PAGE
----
Should I Offer A Qualified Vs. Non-Qualified Retirement Plan?

Posted by Jim Kantowski, CFP®, CPA on December 13, 2021

Should I Offer A Qualified Vs. Non-Qualified Retirement Plan?

There are countless decisions to make when you’re a business owner. Understanding how to drive revenue and increase profitability involves many factors, like strong marketing, sales, and customer service. You also need to make sure you’re hiring and retaining great talent. Learning the difference between qualified vs. non-qualified retirement plans is worth your time if you are trying to build and maintain a great team.

In this article, we’ll define both a qualified and a non-qualified retirement plan. We’ll also help you figure out which type of plan is the right fit for your company to offer employees.

Are you looking for financial advice to guide your business decisions? Our team has answers. Schedule a call with Bay Point Wealth today.

Why offer a retirement plan to your employees?

As a business owner who cares about your team’s well-being and success, both at the office and in their personal lives, offering an employee retirement plan is an excellent idea. It gives your staff the ability to save money and accumulate wealth in a tax-efficient way, so they’ll be one step closer to being able to enjoy the benefits of their hard work.

From a recruitment perspective, offering an employee retirement plan gives your company a competitive advantage against others in your industry who may not provide such a valuable perk. These plans can be relatively inexpensive, easy to administer and save you and your employees taxes. There are a range of options that will allow you the opportunity to manage your costs and limit your contributions. This can vary significantly depending on the type of plan you choose.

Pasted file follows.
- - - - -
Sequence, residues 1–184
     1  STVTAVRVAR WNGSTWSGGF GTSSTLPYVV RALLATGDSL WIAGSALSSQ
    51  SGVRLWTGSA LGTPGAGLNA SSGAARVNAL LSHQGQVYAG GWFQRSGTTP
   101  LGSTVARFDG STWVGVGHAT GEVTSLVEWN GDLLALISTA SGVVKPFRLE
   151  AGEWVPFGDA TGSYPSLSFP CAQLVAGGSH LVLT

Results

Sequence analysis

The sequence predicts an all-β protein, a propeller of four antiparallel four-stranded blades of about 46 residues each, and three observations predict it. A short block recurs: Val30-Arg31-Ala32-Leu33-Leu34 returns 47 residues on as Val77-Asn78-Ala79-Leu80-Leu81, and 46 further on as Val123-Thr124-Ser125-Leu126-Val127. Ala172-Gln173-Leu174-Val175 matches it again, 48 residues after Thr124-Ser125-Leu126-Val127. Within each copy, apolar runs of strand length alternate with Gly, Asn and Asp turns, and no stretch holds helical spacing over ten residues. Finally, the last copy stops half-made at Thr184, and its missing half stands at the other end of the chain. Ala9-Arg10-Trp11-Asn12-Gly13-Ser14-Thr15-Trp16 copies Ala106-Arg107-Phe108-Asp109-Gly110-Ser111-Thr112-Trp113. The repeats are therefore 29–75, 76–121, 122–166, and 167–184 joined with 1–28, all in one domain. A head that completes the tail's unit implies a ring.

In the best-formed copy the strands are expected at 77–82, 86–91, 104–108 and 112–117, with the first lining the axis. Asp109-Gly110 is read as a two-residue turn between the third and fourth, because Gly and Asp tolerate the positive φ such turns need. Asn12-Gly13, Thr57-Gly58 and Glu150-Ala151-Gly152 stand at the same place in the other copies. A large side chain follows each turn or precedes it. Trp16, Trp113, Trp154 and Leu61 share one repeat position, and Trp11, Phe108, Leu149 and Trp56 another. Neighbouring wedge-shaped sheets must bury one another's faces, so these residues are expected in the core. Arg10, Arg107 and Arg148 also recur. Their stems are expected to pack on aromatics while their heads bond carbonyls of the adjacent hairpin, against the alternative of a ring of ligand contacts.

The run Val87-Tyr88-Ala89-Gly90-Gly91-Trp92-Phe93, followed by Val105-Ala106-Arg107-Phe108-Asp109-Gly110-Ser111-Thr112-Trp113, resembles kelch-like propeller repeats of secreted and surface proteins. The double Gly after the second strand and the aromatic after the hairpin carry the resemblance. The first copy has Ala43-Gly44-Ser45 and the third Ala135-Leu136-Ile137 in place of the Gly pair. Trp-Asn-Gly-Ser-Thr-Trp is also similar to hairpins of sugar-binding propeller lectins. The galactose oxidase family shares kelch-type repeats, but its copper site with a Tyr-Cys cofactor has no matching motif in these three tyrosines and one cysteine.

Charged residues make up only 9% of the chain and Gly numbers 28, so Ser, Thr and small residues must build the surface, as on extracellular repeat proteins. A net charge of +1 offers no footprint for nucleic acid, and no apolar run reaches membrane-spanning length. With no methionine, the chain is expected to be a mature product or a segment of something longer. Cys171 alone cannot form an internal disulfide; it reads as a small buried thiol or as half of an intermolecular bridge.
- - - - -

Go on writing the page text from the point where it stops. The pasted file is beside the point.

Qualified Vs. Non-Qualified Retirement Plans, Explained

When you offer a qualified retirement plan, you are bound to the rules of the Employee Retirement Income Security Act (ERISA). This law, which dates back to 1974, sets the standards for retirement plans to protect employees. Some of the requirements you must adhere to under ERISA are:

  • including all your staff in the plan, rather than excluding anyone based on age (however, you can make employees wait a year or certain number of hours to enroll)
  • having a third party administer the plan and test it on an annual basis
  • filing a 5500 tax return, which reports on the plan’s financial condition and more

There are several different types of qualified plans you can choose from. They vary from simple plans designed for small businesses that have few or no employees, to 401k profit sharing plans for larger companies with multiple employees, to defined benefit plans that provide fixed benefits for your employees’ lives.